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SD Fringe: The Scam and Second Chances for Grace

Trust in the Word, in love with the Word

These are your prophets in The Scam
These are your prophets in The Scam

The Scam What’s the deal with the boulder in the center of Yo Mama’s Got Drama Theatre Company’s stage? That’s one of the questions a person would ask upon entering Christopher R’s theater-of-the-absurd play.

SD Fringe Festival: The Scam

Two biblical-like prophets sound their trumpets in a barren space. “Did you find it?” one character asks. “No. You?”

They have been in the wilderness for 40 days and 40 nights. Looking for….what? Jacho, the older prophet, dressed in white, and Ralo, the bearded prophet, dressed in brown, blast the Big Questions back and forth: “Do you know what we’re looking for?” “What is life?” "What is the purpose of life?” “Give us meaning?”

Who do they address? At one point, Jacho extends his arms while Ralo “dials” the chest area of the former, trying to get a signal, à la static radio.

After a while, they do get a response from their flock of sheep! And they’re committed to “trust in the Word.”

More than once, the actors forgot their lines, which didn’t come off as such due to the debunking of “the well-made play” nature inherent in absurdist theater.

At the end, out of their loose-fitting ancient biblical garbs and in fancy new threads, the two characters tend to a different flock.

The Scam excoriates religion but not in a new way. And in the prophets’ wilderness, we take our place next to the boulder and try to make meanings out of meaninglessness. We do the best we can without falling prey to the machinations of con artists.


Second Chances for Grace Before the main actress enters, stand-up comedian Isak Allen warms up the crowd with a brisk routine. Sporting a mohawk, he quips: “What is this you’re looking at?” With a wave across his face, he answers, “Half of me built the railroads, while the other half told the first-half to do so.”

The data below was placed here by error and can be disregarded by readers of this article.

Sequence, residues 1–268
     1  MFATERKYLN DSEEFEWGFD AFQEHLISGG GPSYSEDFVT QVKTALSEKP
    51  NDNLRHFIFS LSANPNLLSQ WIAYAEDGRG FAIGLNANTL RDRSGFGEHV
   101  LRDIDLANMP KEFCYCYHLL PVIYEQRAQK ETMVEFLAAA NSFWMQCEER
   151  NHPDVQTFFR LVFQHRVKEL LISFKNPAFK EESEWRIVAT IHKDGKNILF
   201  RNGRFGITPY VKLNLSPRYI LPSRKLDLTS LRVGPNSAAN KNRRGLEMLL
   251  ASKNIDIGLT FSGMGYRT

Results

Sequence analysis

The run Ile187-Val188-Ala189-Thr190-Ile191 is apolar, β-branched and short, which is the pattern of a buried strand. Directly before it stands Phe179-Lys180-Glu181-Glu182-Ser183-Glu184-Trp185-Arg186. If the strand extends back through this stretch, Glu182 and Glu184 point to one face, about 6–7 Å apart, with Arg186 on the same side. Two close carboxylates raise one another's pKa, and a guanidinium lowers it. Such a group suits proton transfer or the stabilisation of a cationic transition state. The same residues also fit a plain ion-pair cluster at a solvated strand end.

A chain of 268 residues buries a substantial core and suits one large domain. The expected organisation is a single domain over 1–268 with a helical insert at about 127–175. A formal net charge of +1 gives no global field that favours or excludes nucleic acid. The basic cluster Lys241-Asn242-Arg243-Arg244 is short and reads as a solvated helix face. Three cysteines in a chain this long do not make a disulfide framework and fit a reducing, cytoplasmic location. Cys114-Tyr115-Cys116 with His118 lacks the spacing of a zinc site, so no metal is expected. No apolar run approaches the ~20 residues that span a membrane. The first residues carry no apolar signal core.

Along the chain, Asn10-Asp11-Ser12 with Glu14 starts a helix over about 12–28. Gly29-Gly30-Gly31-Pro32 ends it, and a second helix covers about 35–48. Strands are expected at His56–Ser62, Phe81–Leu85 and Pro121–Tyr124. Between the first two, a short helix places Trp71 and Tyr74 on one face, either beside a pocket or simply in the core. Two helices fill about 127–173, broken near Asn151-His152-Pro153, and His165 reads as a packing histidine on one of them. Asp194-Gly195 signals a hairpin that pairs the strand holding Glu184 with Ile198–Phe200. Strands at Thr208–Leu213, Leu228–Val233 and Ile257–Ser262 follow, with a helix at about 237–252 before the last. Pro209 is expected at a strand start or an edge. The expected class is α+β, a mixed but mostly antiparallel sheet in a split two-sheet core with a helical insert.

SD Fringe Festival: Second Chances For Grace

A young woman enters with Mickey Mouse and Barbie puppets in her hands, singing the intro to Billy Joel’s “Just the Way You Are.” Kiki Yeung, as Grace, recounts her life story. She and her family came to the U.S. from Hong Kong. Her father collected over 5000 CDs and now calls himself Elvis. Her mother, in broken English, confidently challenges her husband and daughter to “take me the way I are.”

In San Diegan Asian Artist Ensemble’s coming-of-age story, growing pains and pure pleasures are affectingly portrayed. From every Chinese child’s struggle to carry out their parents’ wish to become a piano prodigy to dealings with weight issues, from experiments with sex, drugs, and 1990s-era raves (in college, Grace was “disciplined and focused about weed”), from chasing the new American dream of becoming an actress in Hollywood to falling in love with the Word (“luxurious, lose-control Jesus-love”), Kiki Yeung paints a moving and joyous portrait of the artist as a young woman.

“Despite the systematic squelching of Asian and Asian American cultures,” this reviewer wants to tell his younger self, “there’s so much to cherish who you are.” This is only the beginning of taking pride in being Asian in this country — with second chances and heroic, funny acts like Grace.